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How to look after your mental health during COVID-19

30th March 2020, 12:03
News
Covid 19
Mental Health Support

These are unprecedented times....wherever we can, we need to support our businesses, we need to support each other and we need to look after ourselves. Here’s a few thoughts for a Monday morning that will try to help us look after our mental health.

 

Dealing with Anxiety

Less news is good news

It can seem difficult at the moment to limit the amount of news you take in, but simply consuming a little less of it can have a big positive impact on your mental health. Stay informed, but set yourself a limit on the amount of news you watch or consume each day. Avoid stories or footage that you recognise are making you feel anxious or sad.

Take control

It may feel that a lot of situations are beyond your control at present, and some of them are. Worrying about events or situations you have no control over only leads to more worry, so try to put these things to one side in your head and focus instead on the things you can make decisions on.

Focus on the good things

Try to focus on the things you do have, rather than the things you don’t. Lots of psychotherapists recommend keeping a daily ‘gratitude list’ to give your mind focus. They can help us to frame things more positively, even during difficult times. At the end of each day, make a list of everything around you that makes you happy and think about these things, rather than the things you don’t have or cannot currently do.

Think positive

The power of positive thinking can go a long way when it comes to boosting your mental health. We are living in unsettling times, and it’s OK to acknowledge this and to feel emotions such as sadness and fear. But try to spend time too thinking of positive scenarios, for example, some of the things you will be able to enjoy once more when the time comes.

Take time to breathe

Take some time out each day to meditate or try some breathing exercises – both of these are fantastic activities for helping to manage worry, anxiety or stress. There are lots of apps and resources online which can guide you. Create a structure to your day by setting aside a specific time to do a soothing activity you enjoy, so that you look forward it.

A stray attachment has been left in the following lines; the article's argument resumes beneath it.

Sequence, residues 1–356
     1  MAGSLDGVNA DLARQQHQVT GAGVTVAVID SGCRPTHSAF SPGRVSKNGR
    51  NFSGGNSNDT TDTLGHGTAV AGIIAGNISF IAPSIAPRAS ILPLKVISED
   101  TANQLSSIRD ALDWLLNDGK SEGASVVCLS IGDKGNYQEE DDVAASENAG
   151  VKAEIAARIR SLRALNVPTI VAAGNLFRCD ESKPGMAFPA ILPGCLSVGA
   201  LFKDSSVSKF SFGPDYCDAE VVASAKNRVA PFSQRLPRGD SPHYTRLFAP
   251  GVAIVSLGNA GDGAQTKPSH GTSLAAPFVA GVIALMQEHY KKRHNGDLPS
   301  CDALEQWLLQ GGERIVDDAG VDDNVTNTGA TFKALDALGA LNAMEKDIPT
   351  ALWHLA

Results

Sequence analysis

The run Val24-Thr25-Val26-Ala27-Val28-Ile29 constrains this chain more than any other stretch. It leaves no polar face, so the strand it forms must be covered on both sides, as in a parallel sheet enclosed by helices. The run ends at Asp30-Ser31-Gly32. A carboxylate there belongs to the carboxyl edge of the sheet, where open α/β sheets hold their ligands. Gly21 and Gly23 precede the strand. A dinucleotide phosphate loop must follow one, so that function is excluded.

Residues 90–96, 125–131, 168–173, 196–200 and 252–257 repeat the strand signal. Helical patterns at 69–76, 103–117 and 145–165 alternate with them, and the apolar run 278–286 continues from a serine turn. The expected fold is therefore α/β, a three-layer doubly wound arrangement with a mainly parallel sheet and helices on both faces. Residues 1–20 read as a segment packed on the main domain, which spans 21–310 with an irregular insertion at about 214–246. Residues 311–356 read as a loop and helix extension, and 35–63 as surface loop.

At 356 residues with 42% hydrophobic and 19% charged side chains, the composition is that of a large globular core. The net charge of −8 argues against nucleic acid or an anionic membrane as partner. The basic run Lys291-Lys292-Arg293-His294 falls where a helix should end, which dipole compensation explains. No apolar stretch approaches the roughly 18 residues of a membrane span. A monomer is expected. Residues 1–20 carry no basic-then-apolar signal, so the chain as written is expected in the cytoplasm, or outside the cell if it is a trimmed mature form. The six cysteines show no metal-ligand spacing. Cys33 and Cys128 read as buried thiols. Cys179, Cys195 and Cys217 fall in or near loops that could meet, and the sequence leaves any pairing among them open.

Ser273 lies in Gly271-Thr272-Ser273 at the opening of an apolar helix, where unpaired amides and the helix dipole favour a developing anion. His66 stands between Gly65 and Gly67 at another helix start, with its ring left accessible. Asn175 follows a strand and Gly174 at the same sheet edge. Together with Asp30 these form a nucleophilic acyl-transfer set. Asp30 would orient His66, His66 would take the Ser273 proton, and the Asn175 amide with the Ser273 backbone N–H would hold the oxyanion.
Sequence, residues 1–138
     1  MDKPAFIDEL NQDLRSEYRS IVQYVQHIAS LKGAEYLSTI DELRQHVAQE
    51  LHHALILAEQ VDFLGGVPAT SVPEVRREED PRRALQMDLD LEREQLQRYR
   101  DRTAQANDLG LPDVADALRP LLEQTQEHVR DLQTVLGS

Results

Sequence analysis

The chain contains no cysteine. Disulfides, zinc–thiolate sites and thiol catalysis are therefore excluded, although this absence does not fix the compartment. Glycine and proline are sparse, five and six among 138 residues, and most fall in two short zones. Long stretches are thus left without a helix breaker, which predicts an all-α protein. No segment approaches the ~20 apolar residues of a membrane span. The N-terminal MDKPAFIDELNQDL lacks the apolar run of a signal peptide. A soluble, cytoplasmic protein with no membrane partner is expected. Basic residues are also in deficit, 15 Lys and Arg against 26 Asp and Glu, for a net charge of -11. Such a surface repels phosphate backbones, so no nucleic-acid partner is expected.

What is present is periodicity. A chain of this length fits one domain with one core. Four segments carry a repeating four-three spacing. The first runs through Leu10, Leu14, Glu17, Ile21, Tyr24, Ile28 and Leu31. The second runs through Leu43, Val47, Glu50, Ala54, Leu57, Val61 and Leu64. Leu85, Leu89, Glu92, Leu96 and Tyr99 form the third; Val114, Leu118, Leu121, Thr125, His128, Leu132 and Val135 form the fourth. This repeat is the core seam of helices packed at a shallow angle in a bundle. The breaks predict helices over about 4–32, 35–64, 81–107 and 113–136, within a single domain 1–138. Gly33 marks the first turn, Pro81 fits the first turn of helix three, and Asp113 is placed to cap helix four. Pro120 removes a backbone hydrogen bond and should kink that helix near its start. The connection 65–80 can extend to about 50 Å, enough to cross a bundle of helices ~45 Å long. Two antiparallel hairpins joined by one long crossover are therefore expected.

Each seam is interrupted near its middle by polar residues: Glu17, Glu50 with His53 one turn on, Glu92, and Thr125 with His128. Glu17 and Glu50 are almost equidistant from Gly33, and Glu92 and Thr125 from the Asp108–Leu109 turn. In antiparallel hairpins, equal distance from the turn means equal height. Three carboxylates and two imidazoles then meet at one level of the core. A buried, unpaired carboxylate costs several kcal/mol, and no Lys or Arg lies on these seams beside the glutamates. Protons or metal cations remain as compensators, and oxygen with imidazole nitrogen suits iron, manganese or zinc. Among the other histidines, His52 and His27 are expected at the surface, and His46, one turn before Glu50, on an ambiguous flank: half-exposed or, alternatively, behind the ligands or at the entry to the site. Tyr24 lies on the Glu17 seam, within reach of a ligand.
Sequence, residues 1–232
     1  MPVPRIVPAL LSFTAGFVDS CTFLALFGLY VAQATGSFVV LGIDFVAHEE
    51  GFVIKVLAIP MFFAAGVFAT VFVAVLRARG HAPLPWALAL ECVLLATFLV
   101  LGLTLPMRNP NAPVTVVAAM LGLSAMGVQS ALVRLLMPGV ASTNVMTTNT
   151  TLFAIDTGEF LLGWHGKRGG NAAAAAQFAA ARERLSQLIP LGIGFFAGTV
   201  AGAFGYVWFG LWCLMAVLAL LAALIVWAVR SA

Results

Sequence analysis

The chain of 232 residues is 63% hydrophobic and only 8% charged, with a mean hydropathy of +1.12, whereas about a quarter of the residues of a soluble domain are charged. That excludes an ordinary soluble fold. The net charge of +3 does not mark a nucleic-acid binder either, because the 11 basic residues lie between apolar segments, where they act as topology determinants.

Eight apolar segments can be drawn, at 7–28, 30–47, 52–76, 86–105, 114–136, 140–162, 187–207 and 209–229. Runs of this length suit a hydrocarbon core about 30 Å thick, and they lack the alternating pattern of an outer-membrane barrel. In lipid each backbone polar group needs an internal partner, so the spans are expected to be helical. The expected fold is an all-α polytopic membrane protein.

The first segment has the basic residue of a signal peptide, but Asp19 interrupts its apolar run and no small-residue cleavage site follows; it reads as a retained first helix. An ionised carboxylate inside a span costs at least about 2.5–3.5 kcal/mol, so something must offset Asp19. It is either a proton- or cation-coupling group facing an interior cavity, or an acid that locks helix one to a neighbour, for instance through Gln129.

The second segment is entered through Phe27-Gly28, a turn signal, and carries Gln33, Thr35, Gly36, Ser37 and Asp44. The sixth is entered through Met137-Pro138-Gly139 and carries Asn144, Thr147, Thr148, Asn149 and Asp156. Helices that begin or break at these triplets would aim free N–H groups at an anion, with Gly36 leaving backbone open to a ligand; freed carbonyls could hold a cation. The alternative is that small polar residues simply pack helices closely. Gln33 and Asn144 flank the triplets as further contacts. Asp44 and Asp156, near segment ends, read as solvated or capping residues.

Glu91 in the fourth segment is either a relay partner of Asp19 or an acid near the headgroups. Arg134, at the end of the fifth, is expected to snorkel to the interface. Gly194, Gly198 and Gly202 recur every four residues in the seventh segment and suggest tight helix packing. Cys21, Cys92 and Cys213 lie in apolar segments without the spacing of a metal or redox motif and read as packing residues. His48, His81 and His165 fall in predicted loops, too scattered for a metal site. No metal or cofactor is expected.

Do something that makes you smile

Create a routine that includes one fun or enjoyable thing each day. If your current situation means you are at home with family, do something together that makes you smile. You could try out a group yoga session or run an impromptu art class. If you’re on your own, call a friend or loved one for a cup of tea and a chat, or lose yourself in a good book for a couple of hours.

Appreciate the small things

Notice one good thing each day, no matter how small. It could be reading about an act of kindness in the news or appreciating an evening sunset now that the days are getting longer. At times like this, we may need to work a little harder to appreciate the good things in life, but when we do it is worth it for that little mental boost.

 

Support your mental health when working from home

Waking up

Although you may have some extra time in bed without a commute, aim to wake up around the same time every day. This helps stabilise your internal clock and improve your sleep overall. You’ll feel less tired, more refreshed, and find it easier to concentrate throughout the day.

Getting ready

Keep to your established morning routine if you can – get ready, washed, and dressed as if you are going to the office. This will help you get into the mindset that you are at work

Setting up your workspace

Try to set aside a work area separate from your sleeping area, as this will help to prepare you for work mode and make it easier to switch off at the end of the day. You don’t need a home office to do this – a small desk set up in a corner of your room, or a laptop at the end of the kitchen table can do the trick. If you’re working with a small space, you could try setting up temporary ‘zones’ by hanging blankets or screens to visually separate your work area from your bed or living area. Clear your work surface of clutter and set up your equipment to avoid physical strain

Get moving

Including some movement into your work from home routine will help maintain your physical and mental health. You’ll feel more awake and alert, and your concentration and sleep will improve.

Indoors

If you’re indoors, look online for an activity that suits you, such as a home yoga video or a fitness class. Some gyms are now live streaming their classes, so you could even join a fitness community in your local area. No matter what exercise you choose, try to take regular screen breaks and stretch throughout the day. Try to take a clearly defined lunch break and move away from your workspace.

Adapt your working style

Make sure you keep communication open with your team, as often and frequently as possible. Here are some suggestions that we are trying: - Video calls instead of emailing - Short check-in and check-out calls between managers and their teams, at the start and end of the workday - Optional Q&A sessions for colleagues to dial in and chat through any concerns or queries they have about working from home.

Write a daily to-do list

Set out a list of realistic, achievable tasks to keep you focused.

Mental health helplines

Samaritans offers free, confidential support 24 hours a day on 116 123

 

The Gloucestershire Growth Hub network are running a number of online workshops and 1-2-1 sessions which could also help

To see all upcoming free online workshops and webinars, click here

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